Most of us take our underwear for granted, but throughout history our undies have revealed a lot about who we are (king or peasant), how we work (in fields or factories) or the shapes we value (manly calves or tiny waists).
The third book in Annick’s 50 Questions series tackles questions such as “What’s that smell?” (Medieval Europeans thought bathing made you sick) and “Did boxers arrive in the Nick of time?” (When blue jean model Nick Kamen stepped out of his denims to reveal his boxers, sales of the underwear soared.) Underwear has played a role in ancient crusades, city sieges and even modern economic predictions. Obviously, it’s time to uncover the facts about everything from loincloths and T-shirts to bloomers and lingerie.
Young readers will laugh their pants off at the accompanying cartoons and get the bare, but fascinating, facts about the history of our unmentionables.
“... a highly recommended resource for all curious readers who enjoy a good laugh.”—Resource Links, 12/11
“… funny and cute. The illustrations by Ross Kinnaird are great …” —capecodonline.com, 11/27/11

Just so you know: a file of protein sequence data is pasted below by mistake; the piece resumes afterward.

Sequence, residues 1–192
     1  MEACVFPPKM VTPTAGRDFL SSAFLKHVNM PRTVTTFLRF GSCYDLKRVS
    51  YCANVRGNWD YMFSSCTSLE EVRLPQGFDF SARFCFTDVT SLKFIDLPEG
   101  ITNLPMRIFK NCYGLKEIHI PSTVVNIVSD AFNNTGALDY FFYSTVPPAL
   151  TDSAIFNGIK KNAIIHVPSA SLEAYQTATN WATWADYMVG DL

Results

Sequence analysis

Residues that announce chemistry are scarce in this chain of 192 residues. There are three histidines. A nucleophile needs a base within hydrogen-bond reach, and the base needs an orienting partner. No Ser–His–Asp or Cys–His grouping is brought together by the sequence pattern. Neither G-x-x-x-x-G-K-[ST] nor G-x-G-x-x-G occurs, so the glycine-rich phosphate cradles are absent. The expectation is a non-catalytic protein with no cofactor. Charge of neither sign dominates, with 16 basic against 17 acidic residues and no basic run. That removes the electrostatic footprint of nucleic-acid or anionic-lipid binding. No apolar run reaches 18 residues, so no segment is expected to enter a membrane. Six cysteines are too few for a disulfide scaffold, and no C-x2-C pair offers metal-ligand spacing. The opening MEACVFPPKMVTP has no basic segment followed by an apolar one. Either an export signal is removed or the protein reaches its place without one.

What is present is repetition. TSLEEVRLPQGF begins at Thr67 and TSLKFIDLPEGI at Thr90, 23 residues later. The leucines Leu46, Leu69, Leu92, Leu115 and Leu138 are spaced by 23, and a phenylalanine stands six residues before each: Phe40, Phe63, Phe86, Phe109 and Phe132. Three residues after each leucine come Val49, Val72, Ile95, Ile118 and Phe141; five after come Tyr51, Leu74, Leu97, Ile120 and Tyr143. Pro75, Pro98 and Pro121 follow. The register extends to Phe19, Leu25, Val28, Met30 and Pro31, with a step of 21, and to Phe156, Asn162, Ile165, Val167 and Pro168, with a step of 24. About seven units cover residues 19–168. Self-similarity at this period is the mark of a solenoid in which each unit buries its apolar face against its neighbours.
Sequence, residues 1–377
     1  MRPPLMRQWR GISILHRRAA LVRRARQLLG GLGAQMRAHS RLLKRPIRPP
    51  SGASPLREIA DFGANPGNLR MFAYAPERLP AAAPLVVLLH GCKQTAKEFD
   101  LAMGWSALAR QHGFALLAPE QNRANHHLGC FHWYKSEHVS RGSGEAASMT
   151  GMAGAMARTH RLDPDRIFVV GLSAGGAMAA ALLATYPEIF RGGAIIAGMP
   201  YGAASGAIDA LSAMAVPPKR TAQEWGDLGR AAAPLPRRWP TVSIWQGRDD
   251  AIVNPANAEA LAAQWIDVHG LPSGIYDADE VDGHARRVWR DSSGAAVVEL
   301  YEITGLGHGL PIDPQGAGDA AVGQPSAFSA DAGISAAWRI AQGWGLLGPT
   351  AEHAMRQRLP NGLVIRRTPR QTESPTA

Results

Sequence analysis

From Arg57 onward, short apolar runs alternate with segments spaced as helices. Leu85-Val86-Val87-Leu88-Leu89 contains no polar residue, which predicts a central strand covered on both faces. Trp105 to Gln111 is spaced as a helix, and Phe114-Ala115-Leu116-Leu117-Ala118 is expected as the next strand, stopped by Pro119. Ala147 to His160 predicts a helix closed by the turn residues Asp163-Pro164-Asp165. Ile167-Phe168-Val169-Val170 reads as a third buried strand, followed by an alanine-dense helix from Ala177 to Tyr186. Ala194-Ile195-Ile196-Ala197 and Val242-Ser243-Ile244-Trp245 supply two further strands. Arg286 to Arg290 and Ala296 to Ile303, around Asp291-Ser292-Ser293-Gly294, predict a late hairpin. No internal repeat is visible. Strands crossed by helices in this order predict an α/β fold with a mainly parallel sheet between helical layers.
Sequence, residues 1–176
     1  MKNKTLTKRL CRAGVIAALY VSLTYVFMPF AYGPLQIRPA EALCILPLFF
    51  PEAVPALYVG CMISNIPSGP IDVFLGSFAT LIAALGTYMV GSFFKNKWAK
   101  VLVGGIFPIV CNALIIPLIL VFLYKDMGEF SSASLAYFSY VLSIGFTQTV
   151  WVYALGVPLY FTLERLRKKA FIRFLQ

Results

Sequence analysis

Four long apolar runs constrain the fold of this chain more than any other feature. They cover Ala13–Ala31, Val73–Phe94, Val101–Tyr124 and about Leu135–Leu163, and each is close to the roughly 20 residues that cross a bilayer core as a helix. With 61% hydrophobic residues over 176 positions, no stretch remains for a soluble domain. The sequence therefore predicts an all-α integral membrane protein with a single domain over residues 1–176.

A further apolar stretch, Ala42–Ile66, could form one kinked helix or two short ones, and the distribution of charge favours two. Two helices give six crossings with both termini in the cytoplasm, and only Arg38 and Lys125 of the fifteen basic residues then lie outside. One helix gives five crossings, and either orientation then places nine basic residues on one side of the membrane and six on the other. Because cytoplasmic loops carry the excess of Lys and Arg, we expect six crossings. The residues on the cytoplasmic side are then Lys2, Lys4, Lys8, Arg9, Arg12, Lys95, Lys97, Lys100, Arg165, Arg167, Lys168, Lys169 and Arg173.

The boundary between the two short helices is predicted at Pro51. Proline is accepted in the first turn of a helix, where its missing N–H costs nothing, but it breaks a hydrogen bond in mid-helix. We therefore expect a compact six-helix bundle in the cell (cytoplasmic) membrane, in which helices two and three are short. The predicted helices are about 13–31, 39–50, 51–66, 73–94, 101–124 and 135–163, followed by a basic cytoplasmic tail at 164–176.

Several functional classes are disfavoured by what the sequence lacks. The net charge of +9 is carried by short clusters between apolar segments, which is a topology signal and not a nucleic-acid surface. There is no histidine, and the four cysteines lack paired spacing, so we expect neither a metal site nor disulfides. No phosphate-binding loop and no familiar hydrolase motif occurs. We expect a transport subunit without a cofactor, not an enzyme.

“… the tone is sufficiently brisk and the material so fun and different, most anyone will enjoy this one.”—January Magazine, 12/11
“... humorous, extremely well-researched, delightfully written ...”—keenreaders.org, 03/14/12
“The fresh ... treatment ... supports the bold, upbeat writing in this well-thought-out approach to the history of underwear.”—Canadian Children’s Book News, 04/12
“Read it! This is a great choice for the ‘tweens’ in your life.”—wordupnerdup.com, 11/03/11
“... will work as a fabulous booktalk for librarians looking for something fun and different to expand their nonfiction repertoire.”—School Library Journal, 02/12
“… a bright bold, attractive book that grabs your attention right away.”—Back to Books, 01/20/12
“This entertaining and educational read is intended for children ages nine and up, but is fun and fast for adults to read as well.”—The Deakin Review of Children’s Literature, 04/12
“… features cartoony art that mocks historical times while making them interesting to kids.”—unshelved.com, 12/05/11
“This extremely informative book takes a topic that is inherently interesting to kids and presents it in a manner that is both sprightly and nonsensational.”—Booklist, 12/11n